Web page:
North Pole Explorers May Need Rescuing

Winter on the North Pole does not leave much daylight for the two explorers. With only 3-4 hours of limited daylight every day, much of their current expedition takes place in the dark, with head lamps being their only source of light. Photo: Mike Horn
North Pole explorers Børge Ousland and Mike Horn have investigated the opportunities for being rescued on the ice in case their progress does not improve.

Yesterday, news broke in Norway that Børge Ousland and Mike Horn have been in touch with the Joint Rescue Coordination Center for Northern Norway to investigate rescue opportunities should they have to interrupt their currently ongoing expedition.

The JRCC coordinates all rescue operations (land, air, sea) on Norwegian territory between the Arctic Circle and the North Pole.

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According to Ousland’s support crew member Lars Ebbesen, who is also a seasoned polar explorer, Ousland and Horn have food left for 17 days. He says to NRK that after reaching the North Pole, there has been spectacularly poor conditions and the two are behind schedule.

However, he says, weather conditions changed on Wednesday and it may be possible that the two reach the edge of the ice cap in the time remaining for which they still have food.

Assistance from research vessel FF Kronprins Haakon

Prior to the expedition, Ousland has been in close touch with relevant rescue offices to describe the route the two are taking.

The JRCC has confirmed to NRK that it will be possible to lift the two explorers out towards the end of the weekend if they so desire or need. This will be done by way of a helicopter from the research vessel FF Kronprins Haakon, which is currently in Svalbard waters.

Newly formed thin ice as well as open water where there once was ice has contributed to Børge Ousland and Mike Horn currently being behind schedule on their way from the North Pole down towards the edge of the polar ice cap, where they were scheduled to be picked up by Horn's boat Pangea mid-November. Photo: Mike Horn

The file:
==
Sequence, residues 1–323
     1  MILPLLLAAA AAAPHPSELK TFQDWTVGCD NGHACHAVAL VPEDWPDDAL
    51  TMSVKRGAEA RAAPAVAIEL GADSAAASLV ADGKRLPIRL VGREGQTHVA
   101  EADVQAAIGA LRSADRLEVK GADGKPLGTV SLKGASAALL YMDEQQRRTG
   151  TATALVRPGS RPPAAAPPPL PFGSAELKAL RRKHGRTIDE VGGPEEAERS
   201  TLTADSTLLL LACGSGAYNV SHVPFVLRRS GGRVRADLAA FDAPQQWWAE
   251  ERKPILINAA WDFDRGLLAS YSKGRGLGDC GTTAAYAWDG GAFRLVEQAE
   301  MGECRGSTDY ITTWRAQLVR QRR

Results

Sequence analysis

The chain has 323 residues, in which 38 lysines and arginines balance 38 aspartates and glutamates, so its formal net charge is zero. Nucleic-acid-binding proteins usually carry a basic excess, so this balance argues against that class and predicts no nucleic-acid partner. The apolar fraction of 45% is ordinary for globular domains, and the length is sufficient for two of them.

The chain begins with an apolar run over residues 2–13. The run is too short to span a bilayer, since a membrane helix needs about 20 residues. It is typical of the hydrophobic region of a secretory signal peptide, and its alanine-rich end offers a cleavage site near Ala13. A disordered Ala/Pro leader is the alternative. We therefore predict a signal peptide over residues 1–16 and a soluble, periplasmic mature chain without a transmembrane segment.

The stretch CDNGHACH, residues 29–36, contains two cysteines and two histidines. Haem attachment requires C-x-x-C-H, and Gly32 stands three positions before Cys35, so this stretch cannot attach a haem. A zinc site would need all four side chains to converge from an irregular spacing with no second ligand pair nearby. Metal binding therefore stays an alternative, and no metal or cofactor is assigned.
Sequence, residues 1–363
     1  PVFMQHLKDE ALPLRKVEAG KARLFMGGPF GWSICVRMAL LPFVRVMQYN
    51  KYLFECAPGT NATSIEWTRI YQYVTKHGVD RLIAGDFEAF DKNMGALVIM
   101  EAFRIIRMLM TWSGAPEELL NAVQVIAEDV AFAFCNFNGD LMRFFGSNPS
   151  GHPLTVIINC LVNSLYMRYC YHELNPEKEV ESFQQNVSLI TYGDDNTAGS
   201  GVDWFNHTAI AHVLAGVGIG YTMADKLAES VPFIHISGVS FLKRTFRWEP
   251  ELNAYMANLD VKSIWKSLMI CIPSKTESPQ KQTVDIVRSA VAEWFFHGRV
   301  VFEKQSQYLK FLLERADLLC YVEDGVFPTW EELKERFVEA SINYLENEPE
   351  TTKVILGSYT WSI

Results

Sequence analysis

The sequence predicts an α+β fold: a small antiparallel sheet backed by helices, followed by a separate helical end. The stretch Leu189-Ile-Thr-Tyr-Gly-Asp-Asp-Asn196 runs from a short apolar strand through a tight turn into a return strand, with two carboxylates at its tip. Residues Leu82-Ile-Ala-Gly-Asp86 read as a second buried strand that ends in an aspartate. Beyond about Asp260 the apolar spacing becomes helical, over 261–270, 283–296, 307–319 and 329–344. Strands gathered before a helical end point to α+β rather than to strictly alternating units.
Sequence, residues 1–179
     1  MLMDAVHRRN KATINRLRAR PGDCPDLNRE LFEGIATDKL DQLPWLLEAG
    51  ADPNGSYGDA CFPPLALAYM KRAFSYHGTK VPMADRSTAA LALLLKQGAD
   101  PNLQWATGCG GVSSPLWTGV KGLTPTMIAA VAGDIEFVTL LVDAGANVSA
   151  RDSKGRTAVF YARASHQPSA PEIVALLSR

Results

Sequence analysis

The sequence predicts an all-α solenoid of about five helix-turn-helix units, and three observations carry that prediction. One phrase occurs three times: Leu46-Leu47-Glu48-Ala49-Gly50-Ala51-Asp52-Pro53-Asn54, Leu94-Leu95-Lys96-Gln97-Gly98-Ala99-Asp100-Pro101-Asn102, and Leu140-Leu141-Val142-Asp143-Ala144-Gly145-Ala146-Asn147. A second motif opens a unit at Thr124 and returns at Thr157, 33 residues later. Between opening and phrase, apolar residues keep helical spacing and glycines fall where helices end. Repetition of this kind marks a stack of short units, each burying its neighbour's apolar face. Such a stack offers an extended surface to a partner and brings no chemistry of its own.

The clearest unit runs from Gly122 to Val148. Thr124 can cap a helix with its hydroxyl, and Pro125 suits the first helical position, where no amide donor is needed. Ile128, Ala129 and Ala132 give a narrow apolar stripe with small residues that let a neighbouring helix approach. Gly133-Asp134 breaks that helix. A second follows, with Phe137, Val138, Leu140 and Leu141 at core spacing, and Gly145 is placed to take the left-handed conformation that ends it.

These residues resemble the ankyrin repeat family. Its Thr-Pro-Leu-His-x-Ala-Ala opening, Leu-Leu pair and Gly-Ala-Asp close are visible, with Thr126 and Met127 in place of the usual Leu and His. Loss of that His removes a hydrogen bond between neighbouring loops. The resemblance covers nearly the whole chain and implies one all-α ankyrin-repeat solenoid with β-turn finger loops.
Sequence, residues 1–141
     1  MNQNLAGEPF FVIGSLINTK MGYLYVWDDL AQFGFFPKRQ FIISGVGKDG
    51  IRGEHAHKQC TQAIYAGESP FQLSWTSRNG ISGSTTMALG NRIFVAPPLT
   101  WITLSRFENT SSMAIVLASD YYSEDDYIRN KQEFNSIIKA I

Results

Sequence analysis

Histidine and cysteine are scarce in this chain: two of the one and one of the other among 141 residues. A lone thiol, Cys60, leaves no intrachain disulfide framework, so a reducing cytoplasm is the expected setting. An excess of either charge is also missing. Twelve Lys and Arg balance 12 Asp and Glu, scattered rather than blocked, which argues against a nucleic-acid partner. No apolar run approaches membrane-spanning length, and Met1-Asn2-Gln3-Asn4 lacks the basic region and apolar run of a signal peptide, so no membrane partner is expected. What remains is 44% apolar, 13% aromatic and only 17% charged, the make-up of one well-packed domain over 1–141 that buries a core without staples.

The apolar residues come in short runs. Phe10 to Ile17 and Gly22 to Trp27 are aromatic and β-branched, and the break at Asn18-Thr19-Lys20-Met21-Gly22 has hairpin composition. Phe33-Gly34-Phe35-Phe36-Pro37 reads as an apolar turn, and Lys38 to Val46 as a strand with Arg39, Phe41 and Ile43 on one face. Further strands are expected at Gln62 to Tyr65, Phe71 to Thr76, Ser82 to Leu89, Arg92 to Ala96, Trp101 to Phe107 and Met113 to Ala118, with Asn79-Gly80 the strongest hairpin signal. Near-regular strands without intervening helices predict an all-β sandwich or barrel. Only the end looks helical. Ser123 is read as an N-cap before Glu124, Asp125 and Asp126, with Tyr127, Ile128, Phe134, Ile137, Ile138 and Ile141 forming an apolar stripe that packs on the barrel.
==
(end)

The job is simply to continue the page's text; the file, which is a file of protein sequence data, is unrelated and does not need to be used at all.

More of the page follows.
Thin ice and drift is challenging

Børge Ousland said yesterday on his Facebook page that the cold temperature (-26C) and biting sidewind provided a challenging day with bad glide. Progress is hampered by the ice drifting, so that the two do not only have to move south, but also adjust their course in order to compensate for the drift. That has been an issue ever since their passing the North Pole point.

Mike Horn similarly refers to the phenomenon in an Instagram update yesterday, saying this is a major challenge:

- The Arctic sea is not only shrinking in size, but it has also becoming younger and thinner over recent years. This causes the ice to break up and move a lot faster than it used to, which are two of the biggest challenges we have been encountering so far on our adventure. It is sad for me to admit, but in all my years as a professional explorer, I have never been so affected by climate change.

Last weekend, Horn described how this takes its toll on the mind:

- (…) spending the whole day walking first to the south towards our goal, then towards the east to compensate for the western drift, and finally towards the north to make our way around a huge open lead…so basically, it is as if we walked in a big circle today, ending up not too far from the position we left from in the morning…this is a painful process for the mind, he explained on Instagram.

Horn and Ousland will decide themselves

According to NRK, Lars Ebbesen will ask Ousland and Horn to decide whether they want to be lifted out in the coming days. This is based on the challenging weather and ice conditions as well as their being behind schedule and thus having limited food available.

- Things are under control, but this is an expedition balancing on the edge of what is at all possible, he says to NRK.

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